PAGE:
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Seneca Valley senior collects toys, donations for young patients

| Friday, April 1, 2016, 11:03 p.m.
Seneca Valley senior Emily Hess collected toys, gift cards and money to help the Child Life Department at Children's Hospital of Pittsburgh of UPMC.
Seneca Valley senior Emily Hess collected toys, gift cards and money to help the Child Life Department at Children's Hospital of Pittsburgh of UPMC.
Some of the toys collected by Seneca Valley senior Emily Hess wait to be delivered to Children's Hospital of Pittsburgh of UPMC to be used by the hospital's child life specialists.
Some of the toys collected by Seneca Valley senior Emily Hess wait to be delivered to Children's Hospital of Pittsburgh of UPMC to be used by the hospital's child life specialists.

When Seneca Valley senior Emily Hess wanted to find a worthy recipient for proceeds from her senior graduation project, she knew exactly where to look.

With plans to attend Edinboro University in the fall to study developmental psychology and a desire to work with children, Hess chose a project that would benefit the Child Life Department at Children's Hospital of Pittsburgh of UPMC.

In January, she launched an effort to collect toys, gift cards and money for the child health specialists at Children's, to aid their mission to help children understand new experiences and some of the anxious feelings they may have before, during or after a hospital stay.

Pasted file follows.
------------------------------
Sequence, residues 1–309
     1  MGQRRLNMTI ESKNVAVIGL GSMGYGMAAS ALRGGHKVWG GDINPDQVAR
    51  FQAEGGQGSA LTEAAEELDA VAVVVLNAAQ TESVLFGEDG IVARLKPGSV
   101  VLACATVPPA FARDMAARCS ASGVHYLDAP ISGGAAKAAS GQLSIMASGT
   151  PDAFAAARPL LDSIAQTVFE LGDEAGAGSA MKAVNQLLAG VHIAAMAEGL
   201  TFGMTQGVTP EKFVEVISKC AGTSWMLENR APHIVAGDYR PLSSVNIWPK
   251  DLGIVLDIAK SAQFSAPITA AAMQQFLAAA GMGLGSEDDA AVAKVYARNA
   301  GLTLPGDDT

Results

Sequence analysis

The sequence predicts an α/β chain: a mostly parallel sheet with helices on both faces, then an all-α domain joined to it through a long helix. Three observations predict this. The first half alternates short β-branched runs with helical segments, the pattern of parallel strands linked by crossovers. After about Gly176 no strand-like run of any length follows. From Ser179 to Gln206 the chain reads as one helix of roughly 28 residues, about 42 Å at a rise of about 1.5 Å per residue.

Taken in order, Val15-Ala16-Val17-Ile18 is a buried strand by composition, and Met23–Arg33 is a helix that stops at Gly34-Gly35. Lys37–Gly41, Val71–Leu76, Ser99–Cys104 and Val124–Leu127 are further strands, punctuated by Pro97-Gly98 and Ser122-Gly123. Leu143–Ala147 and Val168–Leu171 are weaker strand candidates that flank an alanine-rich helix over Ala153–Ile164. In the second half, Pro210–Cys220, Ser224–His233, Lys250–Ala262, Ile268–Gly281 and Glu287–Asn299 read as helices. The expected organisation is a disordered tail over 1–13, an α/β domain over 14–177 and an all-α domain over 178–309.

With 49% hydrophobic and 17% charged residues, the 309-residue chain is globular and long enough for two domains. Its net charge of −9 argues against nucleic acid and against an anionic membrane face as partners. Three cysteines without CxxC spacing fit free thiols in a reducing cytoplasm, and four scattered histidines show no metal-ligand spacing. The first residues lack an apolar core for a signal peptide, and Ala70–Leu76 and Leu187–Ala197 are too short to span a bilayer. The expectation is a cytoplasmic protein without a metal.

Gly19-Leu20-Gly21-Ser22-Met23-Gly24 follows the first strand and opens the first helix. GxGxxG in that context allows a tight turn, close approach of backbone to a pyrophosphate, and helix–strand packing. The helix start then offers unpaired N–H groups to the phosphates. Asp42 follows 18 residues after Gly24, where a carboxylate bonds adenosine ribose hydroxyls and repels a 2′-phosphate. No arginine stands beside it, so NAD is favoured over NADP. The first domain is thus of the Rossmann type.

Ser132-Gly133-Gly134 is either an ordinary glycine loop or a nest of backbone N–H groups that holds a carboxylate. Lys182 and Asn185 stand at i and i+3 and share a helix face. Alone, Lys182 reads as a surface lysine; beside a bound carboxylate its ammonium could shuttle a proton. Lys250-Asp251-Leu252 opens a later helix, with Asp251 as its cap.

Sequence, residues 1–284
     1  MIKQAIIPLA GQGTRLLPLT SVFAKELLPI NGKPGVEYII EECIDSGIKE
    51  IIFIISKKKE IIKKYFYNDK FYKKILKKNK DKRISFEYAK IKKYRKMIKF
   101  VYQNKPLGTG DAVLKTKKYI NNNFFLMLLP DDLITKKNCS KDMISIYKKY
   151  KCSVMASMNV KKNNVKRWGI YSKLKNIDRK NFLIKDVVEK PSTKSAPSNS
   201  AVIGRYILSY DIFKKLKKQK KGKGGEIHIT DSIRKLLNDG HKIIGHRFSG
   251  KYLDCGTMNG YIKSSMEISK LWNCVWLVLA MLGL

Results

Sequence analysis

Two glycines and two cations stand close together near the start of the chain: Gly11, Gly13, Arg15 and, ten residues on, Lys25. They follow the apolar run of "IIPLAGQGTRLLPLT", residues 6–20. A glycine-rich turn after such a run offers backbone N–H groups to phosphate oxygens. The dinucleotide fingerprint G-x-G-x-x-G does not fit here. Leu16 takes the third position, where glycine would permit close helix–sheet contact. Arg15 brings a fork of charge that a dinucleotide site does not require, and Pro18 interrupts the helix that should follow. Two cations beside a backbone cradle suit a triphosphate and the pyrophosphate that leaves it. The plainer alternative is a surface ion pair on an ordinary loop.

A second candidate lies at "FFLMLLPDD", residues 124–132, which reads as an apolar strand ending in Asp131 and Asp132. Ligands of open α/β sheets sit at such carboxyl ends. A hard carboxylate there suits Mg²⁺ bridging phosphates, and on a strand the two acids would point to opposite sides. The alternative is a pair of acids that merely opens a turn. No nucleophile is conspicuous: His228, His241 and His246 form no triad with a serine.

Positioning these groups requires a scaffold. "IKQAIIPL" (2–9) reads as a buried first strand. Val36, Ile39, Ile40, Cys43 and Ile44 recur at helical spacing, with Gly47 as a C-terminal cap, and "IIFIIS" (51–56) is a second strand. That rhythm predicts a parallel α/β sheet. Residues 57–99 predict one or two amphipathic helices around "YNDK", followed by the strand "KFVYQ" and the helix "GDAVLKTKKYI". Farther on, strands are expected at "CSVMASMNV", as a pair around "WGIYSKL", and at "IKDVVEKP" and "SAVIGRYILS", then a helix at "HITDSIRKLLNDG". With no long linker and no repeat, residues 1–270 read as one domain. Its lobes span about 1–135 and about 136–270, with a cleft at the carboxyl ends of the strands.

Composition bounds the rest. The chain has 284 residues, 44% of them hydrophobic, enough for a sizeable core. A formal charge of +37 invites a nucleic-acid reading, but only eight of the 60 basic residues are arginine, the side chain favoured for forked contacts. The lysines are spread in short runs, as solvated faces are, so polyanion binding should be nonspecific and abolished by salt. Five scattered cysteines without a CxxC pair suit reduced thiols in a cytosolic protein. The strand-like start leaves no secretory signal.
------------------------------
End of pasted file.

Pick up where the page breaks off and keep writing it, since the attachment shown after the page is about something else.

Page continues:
“It can be a scary situation for a kid to be in,” Hess said. “Anything we can do to make it easier is important.”

The effort included a letter-writing campaign and an online appeal, and began with goals of collecting 20 toys and $75 in gift cards.

Those goals quickly were surpassed, as Hess collected almost 123 toys and nearly $700 in donations, all of which were delivered to the hospital on March 17.

“I could not believe the response we got,” she said. “It was pretty amazing.”

Hess, of Seven Fields, put together the collection drive with the help of the Children's Hospital of Pittsburgh Foundation, whose officials came away impressed with her effort.

“We are continually inspired by the next generation of community philanthropists,” said Brian Harman, director, corporate and community giving, for the foundation.

“Emily has made the sick and injured kids in our community a priority, and for that we are most grateful.”

Hess said she hopes to remain in touch with her contacts at Children's as she pursues her career in child psychology.

“They have already been such a big help and given me a lot of contacts and resources I can use,” Hess said.

Vince Townley is a staff writer for the Tribune-Review. Reach him at 724-772-6364 or vtownley@tribweb.com.

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